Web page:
A project focused on turning food waste into profits is underway at Victoria's Monash Food Innovation Centre.

Researchers from Monash University's School of Chemistry are collaborating with Indian university IITB, the Food Innovation Centre, industry, and farmers to help them transform food waste such as skin, seeds and husks into everyday products.

Monash reports using a holistic approach to 'biomass valorisation' to help industry extract high-value components such as the antioxidants, oils, pectin and protein from food disposal – ranging from mango, pomegranate and pineapple skin through to spent coffee grounds and almond ash.

This also extends to fresh produce that has been disposed of for not meeting the cosmetic standards of supermarkets.

"This biomass valorisation approach, looks at the entire fruit or vegetable – not just the part that is eaten or the juice extracted,” Professor Tony Patti said.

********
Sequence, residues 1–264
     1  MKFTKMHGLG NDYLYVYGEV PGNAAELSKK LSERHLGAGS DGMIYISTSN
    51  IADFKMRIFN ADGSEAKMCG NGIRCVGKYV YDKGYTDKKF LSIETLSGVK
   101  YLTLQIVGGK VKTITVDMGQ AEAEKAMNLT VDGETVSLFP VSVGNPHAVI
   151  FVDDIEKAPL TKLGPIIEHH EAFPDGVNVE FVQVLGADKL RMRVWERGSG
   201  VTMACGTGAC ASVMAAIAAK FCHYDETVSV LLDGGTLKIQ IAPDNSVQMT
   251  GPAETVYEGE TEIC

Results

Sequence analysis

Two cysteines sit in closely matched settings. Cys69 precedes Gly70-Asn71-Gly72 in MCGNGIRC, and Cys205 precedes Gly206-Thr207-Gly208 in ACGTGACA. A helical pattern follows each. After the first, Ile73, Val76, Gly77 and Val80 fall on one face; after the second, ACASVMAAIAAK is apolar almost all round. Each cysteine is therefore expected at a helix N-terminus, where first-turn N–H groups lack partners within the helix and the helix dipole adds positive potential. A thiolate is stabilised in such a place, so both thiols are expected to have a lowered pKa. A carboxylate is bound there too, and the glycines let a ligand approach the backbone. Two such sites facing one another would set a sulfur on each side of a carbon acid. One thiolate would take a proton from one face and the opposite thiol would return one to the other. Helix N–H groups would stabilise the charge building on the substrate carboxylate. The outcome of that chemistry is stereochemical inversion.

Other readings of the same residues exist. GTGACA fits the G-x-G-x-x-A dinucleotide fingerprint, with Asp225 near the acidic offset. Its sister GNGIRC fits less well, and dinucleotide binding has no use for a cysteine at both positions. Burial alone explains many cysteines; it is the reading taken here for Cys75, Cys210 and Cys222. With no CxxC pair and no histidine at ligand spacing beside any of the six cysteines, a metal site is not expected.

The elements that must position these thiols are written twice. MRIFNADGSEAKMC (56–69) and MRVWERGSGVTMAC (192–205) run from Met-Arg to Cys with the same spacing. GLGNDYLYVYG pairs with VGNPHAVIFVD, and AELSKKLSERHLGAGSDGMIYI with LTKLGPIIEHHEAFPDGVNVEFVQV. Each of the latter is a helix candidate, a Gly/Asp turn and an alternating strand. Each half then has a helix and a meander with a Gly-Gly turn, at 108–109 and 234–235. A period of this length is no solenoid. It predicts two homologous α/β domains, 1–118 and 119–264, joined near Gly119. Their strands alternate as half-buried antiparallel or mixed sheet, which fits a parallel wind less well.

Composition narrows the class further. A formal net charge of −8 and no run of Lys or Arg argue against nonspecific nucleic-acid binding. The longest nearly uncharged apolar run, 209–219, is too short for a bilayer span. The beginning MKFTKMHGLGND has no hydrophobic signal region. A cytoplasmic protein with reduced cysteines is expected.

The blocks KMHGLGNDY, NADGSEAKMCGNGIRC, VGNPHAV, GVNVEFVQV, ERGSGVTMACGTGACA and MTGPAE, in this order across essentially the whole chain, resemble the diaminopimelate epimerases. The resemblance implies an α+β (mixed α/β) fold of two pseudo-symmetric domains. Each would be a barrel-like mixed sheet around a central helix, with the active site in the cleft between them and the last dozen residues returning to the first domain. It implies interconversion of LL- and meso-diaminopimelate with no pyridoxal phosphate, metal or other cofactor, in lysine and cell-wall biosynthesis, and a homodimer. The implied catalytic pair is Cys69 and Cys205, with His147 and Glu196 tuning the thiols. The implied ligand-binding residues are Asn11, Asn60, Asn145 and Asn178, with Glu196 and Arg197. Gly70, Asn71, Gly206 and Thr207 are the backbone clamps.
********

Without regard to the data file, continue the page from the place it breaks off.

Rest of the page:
“The skins, seeds, kernels, leaves and off-cuts were previously seen as 'waste', which adds to disposal costs.

“These by-products are not waste, but a potential valuable resource, providing several components identified as having high market value."

Monash is working with Australian growers and businesses to diversify the potential market opportunities, including expansion into the pharmaceutical, cosmetic, and pet food industries.

"Using this research, food and agricultural companies can tackle costly waste challenges, improve their environmental footprint and create a sustainable business that takes full advantage of growing demand in domestic and export markets for high quality food products," he said.

The Monash Food Innovation Centre and industry partners will discuss strategies of how food waste can be turned into revenue during the ‘Turning food waste into $$$ Symposium’ tomorrow.

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